Please visit Thinking Skills for the Digital Generation by Athreya and Mouza at Springer.com

Tuesday, January 11, 2011

Dharma and Yoga for the Global Community

Dear Asha, Ajay, Ravi and Ariana,

This is the continuation of my thoughts on the need for universal justice and harmony. Dharma and yoga are the words I wish to use to express my thoughts on how to reach these goals.

Dharma and Yoga are Sanskrit words borrowed into the English language. They carried several meanings even in ancient Sanskrit literature. These meanings have expanded more with modern usage. This essay is about establishing new goals for dharma and yoga for the 21st century.

The dictionary meaning of the word Dharma includes: religion, code of conduct, law, duty and virtue. In the earlier writings Dharma is considered one of the four ends/goals of human existence. The expectation is for Dharma to be the basis, the means for acquiring the other three ends, namely wealth, desire and release from life’s bondage.

As I pointed out in my earlier essays on Dharma for the 21st century (June 16th and 26th, 2009), the strengths of the concepts of Dharma are: 1. It consists of universal principles agreed on by all cultures and traditions, such as truth-telling, not taking others property and non-violence. It does not depend upon religion or theology. 2.It does not depend upon religion or theology. 3. It is flexible in that one’s dharma (duty) varies depending on one’s position and station in life and allows for change with changing times, knowledge and trends. 4. Universal dharma does not exclude anyone as inferior or as non-believers. For these reasons, I believe that humanity should adopt these secular principles as the Dharma for the 21st century.

Let me restate the ideas for the Dharma of the 21st century from my earlier “blog”-post. These are based on the writings of Prof.Bernard Gert, a professor of moral philosophy. They are:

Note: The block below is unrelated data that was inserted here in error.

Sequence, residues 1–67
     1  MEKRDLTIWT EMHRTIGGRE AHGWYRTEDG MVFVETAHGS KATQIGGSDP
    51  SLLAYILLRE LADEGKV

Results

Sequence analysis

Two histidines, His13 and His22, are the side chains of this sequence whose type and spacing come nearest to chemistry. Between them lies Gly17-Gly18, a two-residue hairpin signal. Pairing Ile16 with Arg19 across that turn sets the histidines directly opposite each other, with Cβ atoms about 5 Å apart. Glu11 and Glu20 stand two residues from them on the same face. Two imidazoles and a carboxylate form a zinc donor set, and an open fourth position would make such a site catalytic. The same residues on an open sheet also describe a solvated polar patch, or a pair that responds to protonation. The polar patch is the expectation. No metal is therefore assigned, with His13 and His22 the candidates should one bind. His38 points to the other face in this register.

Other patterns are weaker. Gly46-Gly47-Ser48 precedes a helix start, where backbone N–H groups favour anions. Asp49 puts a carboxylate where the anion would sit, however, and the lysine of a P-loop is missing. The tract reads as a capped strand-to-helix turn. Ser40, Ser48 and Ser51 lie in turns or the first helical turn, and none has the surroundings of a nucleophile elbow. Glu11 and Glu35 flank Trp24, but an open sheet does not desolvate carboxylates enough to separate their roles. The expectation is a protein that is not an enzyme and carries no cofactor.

Don’t cause death
Don’t cause pain
Don’t cause loss of ability
Don’t cause loss of freedom
Don’t cause loss of pleasure
Don’t deceive
Don’t cheat

Keep your promise
Obey the law
Do your duty

Now, let us look at yoga with its new focus. By definition the word yoga means “uniting” or “joining” what has separated (see the similarity to yoke). As used by the originator of the concept of yoga, it is meant to signify the union of the individual soul with the universal soul (oneness with the Divine). It has taken multiple meanings, as I pointed out in my essays on meditation (2010). I suggest that we apply the concept of union to a new definition of yoga for the 21st century.

The new definition of Yoga should be more than the union of the “individual” with the “Divine” at a spiritual level. We need union at a pragmatic level also. It should be the union between reason and faith.
Reason and faith are not either/or concepts. They are like two lenses of the camera. They are like the two halves of our brain. We need both of them, for different purposes.

Let us bring about union of reason and faith and call it the yuga yoga. We already defined the meaning of yoga. The meaning of the Sanskrit word yuga can be stretched to mean an era or an epoch.

Yuga yoga will be possible only if we “unite” the basic common tenets (dharma for the 21st century, as defined earlier) within various faiths and religions. This should be the primary goal of yoga (meaning, to unite) for the 21st century.